IMG_5524The drive through the Virginia countryside has gorgeous views of farms, horses, and unique houses.

IMG_5578Many of the farms were growing Christmas trees.

IMG_5540Our cabin on Mount Rogers NRA was great (US Forest Service), even if occasionally frequented by zombies.  Thank you, random creative guest.

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IMG_5799We planned to spend some time in the Mount Rogers area, and I do recommend a quick visit to Homer’s Rock for the amazing view.

IMG_5481Those plans quickly changed when we discovered Grayson Highlands State Park.  We were more impressed with this park than many of the national parks that we have visited.  Grayson Highlands has an amazing mix of wooded trails (including a section of the Appalachian Trail), wild ponies, streams for wading, and rocks for scrambling.

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IMG_5753IMG_5816Next Stop:  Where it all began… Continue reading

Kachemek Bay State Park

Our last stop in Alaska was a ferry ride over to Kachemek State Park (other than the awesome Bear Tooth Theaterpub in Anchorage while waiting for a very late flight).

Day 10 (29)You have to hire a private boat company, but the process was very easy.  Disclaimer:  this was not their busy season.  We saw more sea otters, and really, can you have too many sea otters?

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The ferry staff was happy to help us choose a trail, and we arranged our drop off and pick up point.  This was a little more structured than we like, but we did not want to miss the boat and spend the night with the bears either.

Day 10 (47)The Grewingk Glacier Trail is beautiful, and the glacier is about halfway around.  We were able to stay by the lake for a nice rest and lunch.  Not a bad view!

Day 10 (162)Pieces of ice are continually breaking off, and they form really interesting shapes as they melt.  I particularly liked Puff the Magic Iceberg…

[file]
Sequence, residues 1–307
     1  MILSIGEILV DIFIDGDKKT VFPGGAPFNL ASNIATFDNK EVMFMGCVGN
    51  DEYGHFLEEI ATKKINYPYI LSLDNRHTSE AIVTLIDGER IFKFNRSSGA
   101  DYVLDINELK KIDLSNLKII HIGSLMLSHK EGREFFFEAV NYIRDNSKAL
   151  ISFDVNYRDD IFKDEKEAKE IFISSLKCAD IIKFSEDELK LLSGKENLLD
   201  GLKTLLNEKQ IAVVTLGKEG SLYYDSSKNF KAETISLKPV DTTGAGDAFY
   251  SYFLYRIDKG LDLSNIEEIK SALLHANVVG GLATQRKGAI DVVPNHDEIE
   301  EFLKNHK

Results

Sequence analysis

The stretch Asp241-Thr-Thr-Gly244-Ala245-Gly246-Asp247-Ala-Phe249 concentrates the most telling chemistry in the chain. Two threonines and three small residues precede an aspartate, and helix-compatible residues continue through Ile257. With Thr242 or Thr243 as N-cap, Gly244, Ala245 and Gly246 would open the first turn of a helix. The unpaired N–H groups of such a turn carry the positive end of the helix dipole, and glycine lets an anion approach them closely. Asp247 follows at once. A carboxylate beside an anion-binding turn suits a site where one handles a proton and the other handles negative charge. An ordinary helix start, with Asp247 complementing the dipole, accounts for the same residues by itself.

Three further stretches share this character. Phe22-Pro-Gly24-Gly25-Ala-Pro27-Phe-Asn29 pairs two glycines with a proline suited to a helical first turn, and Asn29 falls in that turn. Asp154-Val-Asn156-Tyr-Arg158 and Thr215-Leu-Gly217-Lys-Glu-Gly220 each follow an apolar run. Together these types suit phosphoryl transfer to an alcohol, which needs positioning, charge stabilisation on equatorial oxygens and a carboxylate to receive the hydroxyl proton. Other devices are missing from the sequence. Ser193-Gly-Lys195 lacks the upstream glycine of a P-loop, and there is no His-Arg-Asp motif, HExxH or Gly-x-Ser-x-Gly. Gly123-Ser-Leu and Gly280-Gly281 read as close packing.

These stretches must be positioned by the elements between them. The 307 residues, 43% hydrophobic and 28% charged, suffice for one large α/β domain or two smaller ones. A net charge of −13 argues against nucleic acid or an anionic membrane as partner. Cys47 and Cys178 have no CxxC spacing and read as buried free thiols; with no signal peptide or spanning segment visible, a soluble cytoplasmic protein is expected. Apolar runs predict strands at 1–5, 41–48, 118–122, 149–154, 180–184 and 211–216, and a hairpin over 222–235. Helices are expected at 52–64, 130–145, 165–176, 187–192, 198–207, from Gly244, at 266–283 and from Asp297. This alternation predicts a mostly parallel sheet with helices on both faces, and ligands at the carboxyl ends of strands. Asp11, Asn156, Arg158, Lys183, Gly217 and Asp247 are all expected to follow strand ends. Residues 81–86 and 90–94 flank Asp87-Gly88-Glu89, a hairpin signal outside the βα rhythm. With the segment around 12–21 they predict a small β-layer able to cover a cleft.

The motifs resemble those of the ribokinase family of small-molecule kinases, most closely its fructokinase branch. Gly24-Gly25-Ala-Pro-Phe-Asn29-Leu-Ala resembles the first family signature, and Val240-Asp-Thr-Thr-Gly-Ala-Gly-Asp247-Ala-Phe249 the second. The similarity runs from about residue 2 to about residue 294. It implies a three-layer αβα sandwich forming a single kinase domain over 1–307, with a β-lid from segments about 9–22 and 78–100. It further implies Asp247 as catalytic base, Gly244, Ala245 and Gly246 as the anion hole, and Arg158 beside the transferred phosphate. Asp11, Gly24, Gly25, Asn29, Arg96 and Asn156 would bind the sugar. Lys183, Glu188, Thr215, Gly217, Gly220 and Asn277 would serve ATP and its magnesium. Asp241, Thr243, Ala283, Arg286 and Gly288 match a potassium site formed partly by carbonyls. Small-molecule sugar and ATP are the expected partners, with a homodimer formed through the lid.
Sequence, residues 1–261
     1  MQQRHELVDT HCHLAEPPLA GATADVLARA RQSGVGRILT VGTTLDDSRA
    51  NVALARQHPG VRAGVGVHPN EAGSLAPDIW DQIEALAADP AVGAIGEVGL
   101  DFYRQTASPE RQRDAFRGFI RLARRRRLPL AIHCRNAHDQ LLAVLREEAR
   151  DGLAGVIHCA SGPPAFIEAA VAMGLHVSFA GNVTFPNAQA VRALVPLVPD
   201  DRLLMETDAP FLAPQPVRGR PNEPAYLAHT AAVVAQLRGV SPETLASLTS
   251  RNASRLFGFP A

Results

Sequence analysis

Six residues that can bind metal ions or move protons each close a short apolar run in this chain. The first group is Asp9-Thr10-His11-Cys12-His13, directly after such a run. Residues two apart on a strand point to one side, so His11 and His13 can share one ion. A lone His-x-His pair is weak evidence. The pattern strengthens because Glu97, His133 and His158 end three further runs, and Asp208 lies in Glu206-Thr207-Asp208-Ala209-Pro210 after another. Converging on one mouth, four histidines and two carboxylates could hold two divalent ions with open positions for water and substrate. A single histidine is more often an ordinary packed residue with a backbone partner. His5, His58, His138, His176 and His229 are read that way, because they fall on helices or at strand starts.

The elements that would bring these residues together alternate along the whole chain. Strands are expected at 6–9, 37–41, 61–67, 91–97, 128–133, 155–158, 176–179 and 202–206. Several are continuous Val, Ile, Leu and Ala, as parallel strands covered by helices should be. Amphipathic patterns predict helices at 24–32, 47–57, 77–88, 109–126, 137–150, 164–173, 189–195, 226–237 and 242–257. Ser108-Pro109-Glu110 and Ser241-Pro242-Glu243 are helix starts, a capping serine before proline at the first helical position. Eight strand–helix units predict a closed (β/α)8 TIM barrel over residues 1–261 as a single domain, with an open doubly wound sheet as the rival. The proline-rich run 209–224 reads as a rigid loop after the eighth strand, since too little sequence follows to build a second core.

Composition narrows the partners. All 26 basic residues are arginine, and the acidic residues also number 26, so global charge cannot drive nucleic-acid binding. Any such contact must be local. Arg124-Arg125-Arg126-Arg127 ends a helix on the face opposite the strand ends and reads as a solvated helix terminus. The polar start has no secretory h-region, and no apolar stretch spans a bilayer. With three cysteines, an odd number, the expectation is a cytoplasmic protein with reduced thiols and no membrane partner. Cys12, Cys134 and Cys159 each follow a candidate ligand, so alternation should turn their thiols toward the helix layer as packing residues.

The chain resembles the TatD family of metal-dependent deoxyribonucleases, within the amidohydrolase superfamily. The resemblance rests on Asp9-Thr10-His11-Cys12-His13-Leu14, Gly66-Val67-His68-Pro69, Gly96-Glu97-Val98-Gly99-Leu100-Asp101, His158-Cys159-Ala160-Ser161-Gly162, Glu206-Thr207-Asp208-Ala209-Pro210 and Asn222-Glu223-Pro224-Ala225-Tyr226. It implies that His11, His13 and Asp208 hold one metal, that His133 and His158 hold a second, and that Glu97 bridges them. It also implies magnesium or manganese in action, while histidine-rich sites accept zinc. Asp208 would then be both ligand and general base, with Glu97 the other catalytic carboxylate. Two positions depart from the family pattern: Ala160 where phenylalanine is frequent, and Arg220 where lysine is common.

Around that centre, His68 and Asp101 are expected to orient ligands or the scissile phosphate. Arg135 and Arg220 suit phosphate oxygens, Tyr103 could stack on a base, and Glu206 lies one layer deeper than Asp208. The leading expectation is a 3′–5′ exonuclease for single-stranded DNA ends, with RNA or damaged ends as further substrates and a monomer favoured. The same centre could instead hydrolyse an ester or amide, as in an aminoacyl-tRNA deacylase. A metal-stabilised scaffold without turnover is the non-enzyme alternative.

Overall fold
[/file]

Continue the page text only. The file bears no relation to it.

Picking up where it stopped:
Day 10 (204)The trail back to shore was steep in places, but it was lovely.

Day 10 (300)I hope you enjoyed our trip to Alaska.  Our travels will continue in no particular order…

Next stop:  The High Museum of Art, Atlanta, GA

Kenai Fjords

The southern coast of Alaska makes it ridiculously easy to take good pictures.  Seward is a wonderful postcard of a town.  I highly recommend eating there and visiting the Alaska SeaLife Center.  This is the view from our restaurant – the flowers are in a box outside the window.

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While on the coast, we took a couple amazing hikes.  The first was the famous hike to see one of the few accessible glaciers in the area.  Never ask an Alaskan if a hike is easy.  “I’m an old woman, and I have no problem!”  It’s not easy.

Day 6 (48 2)But it’s worth it.  You can see the glacier from the parking lot, but the trail is a series of switchbacks with a constant incline.

Day 6 (110)There are some worthy sights along the way (if you’re not preoccupied blaming your husband for dragging you up the mountain).

Day 6 (48)We passed several trail runners (awesome crazies) carrying absolutely nothing but their spandex.

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I almost got blown off the mountain photographing these cutie hoary marmots.

Day 6 (113)And then you get to the top.

Day 6 (208)Day 6 (131)And then you remember that going down is always much harder than you think it’s going to be.  Fortunately, our next stop was the boat trip departing from Seward.  Make sure to make reservations ahead of time.

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We started seeing sea otters right away.

Day 7 (14)Several colonies of Stellar sea lions.

Day 7 (169)Mountain goats way up on the cliff side…

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My first whale sighting (only got a short video), and a glacier falling into the ocean.  The boats take turns getting close to the glacier, and it was nice to get some alone time with this force of nature.

Day 7 (128)The boat was a good size, and I really appreciated the option to go inside and sit down.  We spent most of the time on deck, but the wind gets to you after a while.  We also heard that the boat’s dinner was not worth the expense, so we packed snacks and sub sandwiches.  Neither of us felt left out at dinnertime.

Next stop – Ferry ride to Kachemak Bay State Park